People ask me all the time if we are still busy from Superstorm Sandy. The answer, 23 months later is yes. In the last month, I have gotten at least a dozen customers who have JUST begun repairing their homes from Sandy. The stories are all different, but many (most actually) involve disputes with the homeowner’s insurance companies. Some say they haven’t seen a penny from their insurance yet. Although many homes have fully recovered, many more homes haven’t even begun the recovery process yet.
It was nice to see the many tourists who came back to our beautiful home to spend their vacations here with us. It was odd to watch them walking through massive construction zones, which were once picturesque views of beach community life, on their way to the beach. A better weather summer would have been nice, but hey we are from New Jersey and we are survivors!! So with 2 summers of bad economic and weather conditions on a community that essentially looks to the summer to bring the people here to use our services, what lies ahead?
Well I can tell you that the community continues to heal. All roadways and utilities have been restored, businesses are open and the beaches are beautiful! So why are the tourist numbers still down? Lets face it; there are many, many homes that have not been repaired yet. These homes were rental homes, summer homes, vacation homes, income properties, etc… Until the community increases the residency capacity of the community, the numbers of vacationers can’t recover fully. It is simple math. If you had 300,000 homes damaged by Sandy and 50% are either empty lots or uninhabitable (as many estimates suggest), where will the people go?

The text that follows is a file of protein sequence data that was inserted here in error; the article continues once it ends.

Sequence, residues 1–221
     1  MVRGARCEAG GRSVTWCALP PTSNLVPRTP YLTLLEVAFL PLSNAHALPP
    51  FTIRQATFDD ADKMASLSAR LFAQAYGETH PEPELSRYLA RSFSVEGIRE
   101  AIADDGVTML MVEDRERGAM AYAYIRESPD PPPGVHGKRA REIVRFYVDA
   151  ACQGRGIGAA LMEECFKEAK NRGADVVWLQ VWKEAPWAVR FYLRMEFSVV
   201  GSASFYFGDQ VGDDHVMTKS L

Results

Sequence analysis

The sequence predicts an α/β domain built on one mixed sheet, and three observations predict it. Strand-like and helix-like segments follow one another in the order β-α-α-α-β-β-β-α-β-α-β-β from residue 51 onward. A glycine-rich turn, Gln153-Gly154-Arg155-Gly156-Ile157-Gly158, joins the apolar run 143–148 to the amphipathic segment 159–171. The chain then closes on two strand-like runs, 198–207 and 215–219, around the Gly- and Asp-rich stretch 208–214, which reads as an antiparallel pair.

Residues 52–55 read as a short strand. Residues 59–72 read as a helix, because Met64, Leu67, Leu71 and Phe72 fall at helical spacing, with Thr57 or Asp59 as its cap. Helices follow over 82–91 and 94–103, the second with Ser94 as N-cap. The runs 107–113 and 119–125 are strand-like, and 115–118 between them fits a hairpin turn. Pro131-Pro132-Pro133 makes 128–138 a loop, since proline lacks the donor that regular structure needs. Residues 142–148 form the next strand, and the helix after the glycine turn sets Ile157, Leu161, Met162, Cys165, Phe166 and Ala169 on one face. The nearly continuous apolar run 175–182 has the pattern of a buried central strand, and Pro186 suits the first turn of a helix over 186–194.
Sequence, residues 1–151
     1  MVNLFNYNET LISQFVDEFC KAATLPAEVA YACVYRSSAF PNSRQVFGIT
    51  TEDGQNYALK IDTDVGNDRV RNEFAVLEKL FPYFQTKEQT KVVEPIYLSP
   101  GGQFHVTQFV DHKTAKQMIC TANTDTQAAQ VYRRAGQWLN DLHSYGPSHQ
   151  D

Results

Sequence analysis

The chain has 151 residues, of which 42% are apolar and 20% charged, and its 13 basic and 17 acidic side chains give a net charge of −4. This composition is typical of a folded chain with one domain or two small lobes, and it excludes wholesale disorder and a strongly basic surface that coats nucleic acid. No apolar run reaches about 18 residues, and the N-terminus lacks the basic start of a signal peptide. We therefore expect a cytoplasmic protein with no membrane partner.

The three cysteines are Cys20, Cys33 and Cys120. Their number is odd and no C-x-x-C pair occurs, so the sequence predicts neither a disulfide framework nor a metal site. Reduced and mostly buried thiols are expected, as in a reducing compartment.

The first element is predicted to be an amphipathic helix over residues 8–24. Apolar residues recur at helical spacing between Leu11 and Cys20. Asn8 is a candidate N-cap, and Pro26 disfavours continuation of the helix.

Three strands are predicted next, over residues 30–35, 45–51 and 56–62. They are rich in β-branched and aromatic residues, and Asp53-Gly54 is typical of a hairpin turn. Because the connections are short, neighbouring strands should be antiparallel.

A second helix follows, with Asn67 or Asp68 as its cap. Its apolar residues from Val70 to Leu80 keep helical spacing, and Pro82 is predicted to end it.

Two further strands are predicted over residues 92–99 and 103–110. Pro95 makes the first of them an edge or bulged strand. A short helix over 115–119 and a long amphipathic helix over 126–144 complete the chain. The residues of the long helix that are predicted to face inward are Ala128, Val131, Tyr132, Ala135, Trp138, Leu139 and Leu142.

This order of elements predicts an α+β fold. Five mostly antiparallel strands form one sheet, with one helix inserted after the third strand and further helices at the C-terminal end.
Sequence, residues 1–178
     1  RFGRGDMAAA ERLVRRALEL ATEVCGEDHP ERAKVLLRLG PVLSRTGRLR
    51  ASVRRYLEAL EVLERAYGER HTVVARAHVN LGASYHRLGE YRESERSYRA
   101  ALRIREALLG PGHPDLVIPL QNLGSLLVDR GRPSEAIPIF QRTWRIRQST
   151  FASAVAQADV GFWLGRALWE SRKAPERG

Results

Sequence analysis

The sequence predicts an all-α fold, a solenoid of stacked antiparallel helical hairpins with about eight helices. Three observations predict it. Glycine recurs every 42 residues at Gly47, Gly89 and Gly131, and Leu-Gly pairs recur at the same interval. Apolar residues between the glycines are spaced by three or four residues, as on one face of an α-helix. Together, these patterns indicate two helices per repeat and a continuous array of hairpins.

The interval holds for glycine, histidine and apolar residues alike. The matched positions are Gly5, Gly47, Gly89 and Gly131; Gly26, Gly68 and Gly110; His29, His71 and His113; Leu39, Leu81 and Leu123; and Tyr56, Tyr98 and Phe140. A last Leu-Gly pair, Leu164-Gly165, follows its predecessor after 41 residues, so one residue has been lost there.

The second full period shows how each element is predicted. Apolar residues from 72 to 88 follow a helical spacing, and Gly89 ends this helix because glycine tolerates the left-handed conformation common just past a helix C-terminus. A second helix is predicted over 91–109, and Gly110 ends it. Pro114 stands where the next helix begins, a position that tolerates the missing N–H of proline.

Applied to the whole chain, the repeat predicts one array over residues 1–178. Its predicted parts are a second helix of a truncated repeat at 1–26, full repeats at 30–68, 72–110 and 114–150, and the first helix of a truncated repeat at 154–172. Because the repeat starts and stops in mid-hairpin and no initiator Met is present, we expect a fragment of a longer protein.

The services are here, but the people have nowhere to stay. The rebuilding process is going to be a very long one and it will likely see MANY new entrants into the market matching the number of current community members leaving for more secure pursuits. Change brings opportunity and Sandy has made many properties available to new buyers. I have no doubt that all of these properties will all be restored, albeit many with new owners. I estimate that it will take at least 8 years to recover to a point of normalcy. Mind you, I am a garbage man, nothing more. Just my simple observations of how I have seen things progressing so far.
We will continue to rebuild, and this community will survive, and we will come out stronger and wiser. We are Jersey Strong, and nothing can stop us. But what does this translate to in the terms of the construction industry and the related effect on roll off dumpster availability? We continue to see a limited number of available contractors and there are few that can take jobs on short notice. Roll off dumpsters are in the same situation. Simply put, they are hard to come by even two years after the storm. I hear many customers tell me that they had placed numerous calls and had been unable to get a roll off dumpster to their site in a timely manner.
This is not something I see changing any time soon. Immediately after the storm, rental periods were quick. People were getting containers and filling them right away. The need was immediate and there was no dragging your feet on “getting it done”. After that initial surge, projects turned into lengthier rentals for partial renovations, storm repairs, etc. Now, two years later many of the destroyed homes are being rebuilt from scratch and these rentals can become very lengthy. The net result of these 3 phases has had the identical effect on construction roll off dumpster availability.
Here at D&D Disposal, we have expanded our container fleet by 33% and we still find our yard empty most days. The story is similar for many other roll off dumpster companies. So, the word of the day is PLANNING! Plan ahead and make your container rental a simple and easy process!
Be safe, be well and most of all BE HAPPY!